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Saturday, September 19, 2020

C-Suite Advisory

Seven Questions for Retail Bank Executives: Customer Digital Transformation

Retail banks are in the business of gathering deposits and making loans. Through all of the changes the industry has undergone since the internet enabled new ways of executing these functions, the fundamental purpose – to act as trusted intermediaries facilitating the exchange of value between parties – endures.

Across all demographics the pandemic is forcing “digital first” to become a way of life, and how customers engage with their banks is changing.

Trial and routine usage over just the course of a few months leads to enduring behavior changes. Banks that do not invigorate their digital transformation plans, making innovation part of how they operate will get left behind.

Recent research points to gaps.

What does it mean, in a digital-first world, to facilitate exchanges of value between parties?

 Younger generations will be less and less familiar with the use of physical cash. Money is becoming an abstraction delivered in bits and bytes. With cryptocurrencies, even the basis to calculate value is changing from what has been familiar to Boomers and their elders.

A conversation about the future of money, how value will be exchanged, and what that means for the institution is input to defining short and long-term execution and investment priorities.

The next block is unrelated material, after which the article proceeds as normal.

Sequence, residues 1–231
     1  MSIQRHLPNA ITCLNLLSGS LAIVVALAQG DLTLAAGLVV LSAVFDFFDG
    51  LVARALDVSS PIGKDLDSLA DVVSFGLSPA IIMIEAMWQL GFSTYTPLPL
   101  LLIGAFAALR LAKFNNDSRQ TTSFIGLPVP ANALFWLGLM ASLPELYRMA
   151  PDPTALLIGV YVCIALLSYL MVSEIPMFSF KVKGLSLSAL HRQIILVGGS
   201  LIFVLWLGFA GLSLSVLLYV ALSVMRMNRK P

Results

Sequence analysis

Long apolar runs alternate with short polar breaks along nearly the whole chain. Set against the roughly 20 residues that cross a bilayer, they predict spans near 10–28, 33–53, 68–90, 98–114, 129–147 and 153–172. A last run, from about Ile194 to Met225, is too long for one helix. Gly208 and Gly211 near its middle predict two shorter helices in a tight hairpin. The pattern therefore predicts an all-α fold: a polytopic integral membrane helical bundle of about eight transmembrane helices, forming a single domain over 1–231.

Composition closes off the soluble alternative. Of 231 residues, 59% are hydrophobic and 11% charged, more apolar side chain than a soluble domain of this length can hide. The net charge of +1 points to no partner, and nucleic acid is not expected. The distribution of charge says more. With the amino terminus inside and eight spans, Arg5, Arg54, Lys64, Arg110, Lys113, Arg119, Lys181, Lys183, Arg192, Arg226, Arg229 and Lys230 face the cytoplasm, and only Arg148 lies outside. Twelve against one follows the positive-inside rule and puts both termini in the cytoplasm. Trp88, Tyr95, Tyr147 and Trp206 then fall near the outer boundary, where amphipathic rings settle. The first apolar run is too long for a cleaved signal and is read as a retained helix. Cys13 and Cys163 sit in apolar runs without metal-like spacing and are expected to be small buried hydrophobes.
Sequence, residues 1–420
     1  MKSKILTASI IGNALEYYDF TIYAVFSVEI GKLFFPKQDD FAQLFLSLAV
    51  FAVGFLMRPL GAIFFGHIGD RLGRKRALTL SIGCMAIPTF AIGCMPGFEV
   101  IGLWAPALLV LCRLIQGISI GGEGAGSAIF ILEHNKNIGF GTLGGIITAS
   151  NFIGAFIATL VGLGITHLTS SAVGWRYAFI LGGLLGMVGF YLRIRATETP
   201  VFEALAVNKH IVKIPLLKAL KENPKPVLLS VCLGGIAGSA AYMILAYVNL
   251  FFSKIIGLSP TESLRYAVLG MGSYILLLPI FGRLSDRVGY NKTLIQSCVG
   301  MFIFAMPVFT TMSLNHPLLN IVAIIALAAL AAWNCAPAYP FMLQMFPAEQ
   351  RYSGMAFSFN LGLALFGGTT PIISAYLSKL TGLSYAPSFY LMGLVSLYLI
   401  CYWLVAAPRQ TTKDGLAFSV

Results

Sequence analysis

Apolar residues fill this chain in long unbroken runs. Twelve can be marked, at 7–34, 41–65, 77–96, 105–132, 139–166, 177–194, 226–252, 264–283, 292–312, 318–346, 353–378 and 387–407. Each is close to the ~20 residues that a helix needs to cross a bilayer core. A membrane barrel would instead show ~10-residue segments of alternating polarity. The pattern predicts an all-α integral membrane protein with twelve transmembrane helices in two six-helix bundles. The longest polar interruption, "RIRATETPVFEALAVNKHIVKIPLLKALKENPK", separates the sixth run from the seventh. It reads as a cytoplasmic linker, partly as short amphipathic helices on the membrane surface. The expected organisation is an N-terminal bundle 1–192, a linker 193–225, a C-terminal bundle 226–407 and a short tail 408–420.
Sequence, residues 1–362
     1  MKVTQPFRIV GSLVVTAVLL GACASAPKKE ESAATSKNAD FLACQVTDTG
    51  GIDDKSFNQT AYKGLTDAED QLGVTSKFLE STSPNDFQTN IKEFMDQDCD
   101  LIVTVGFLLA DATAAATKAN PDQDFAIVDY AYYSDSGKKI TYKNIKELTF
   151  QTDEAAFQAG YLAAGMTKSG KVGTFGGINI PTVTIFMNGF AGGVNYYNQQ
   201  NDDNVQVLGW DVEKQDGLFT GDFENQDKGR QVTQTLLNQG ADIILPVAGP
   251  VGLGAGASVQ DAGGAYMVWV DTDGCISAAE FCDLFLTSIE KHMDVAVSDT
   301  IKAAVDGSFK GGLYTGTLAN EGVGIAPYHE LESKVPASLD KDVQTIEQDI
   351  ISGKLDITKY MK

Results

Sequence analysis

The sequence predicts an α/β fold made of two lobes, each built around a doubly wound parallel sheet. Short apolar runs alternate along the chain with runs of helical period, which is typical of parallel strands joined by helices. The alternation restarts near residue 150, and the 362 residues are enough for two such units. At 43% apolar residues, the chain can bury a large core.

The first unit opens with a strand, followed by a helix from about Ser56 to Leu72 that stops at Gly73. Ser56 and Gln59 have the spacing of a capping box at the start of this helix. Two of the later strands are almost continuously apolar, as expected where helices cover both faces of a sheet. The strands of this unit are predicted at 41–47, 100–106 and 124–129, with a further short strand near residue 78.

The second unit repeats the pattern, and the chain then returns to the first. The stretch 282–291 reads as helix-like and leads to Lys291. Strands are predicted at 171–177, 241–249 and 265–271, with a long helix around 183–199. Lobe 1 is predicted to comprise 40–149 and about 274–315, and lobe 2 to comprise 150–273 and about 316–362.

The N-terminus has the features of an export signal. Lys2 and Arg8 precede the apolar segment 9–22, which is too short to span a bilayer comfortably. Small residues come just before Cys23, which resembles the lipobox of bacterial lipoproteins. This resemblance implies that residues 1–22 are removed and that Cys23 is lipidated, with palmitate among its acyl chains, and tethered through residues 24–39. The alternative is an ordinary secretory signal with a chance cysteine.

Is the traditional business model working, and if not, how should it evolve?

 Strip away the complexities of added products and services and new channels, and retail banking at its core has always been driven by taking deposits at one rate, making loans at a higher rate, and managing the movement of the net interest margin through changing economic conditions.

The sector has benefited from tactical opportunities to add to the deposit base – e.g., supporting Health Savings Accounts – quickly capturing funds that are no longer going into direct deposit accounts, and has advanced online banking as a means to gather low-cost deposit dollars quickly. Advances in data and technology applications continue to provide new ways to assess, manage and reduce borrower risk.

We live in a world of unprecedented economic, social, environmental, political and other uncertainties, a wide range of non-traditional competitors, and fast-changing consumer expectations that collectively increase the pressure on business model assumptions.

What trends are on the horizon, and what innovations do they suggest for increasing business model resiliency?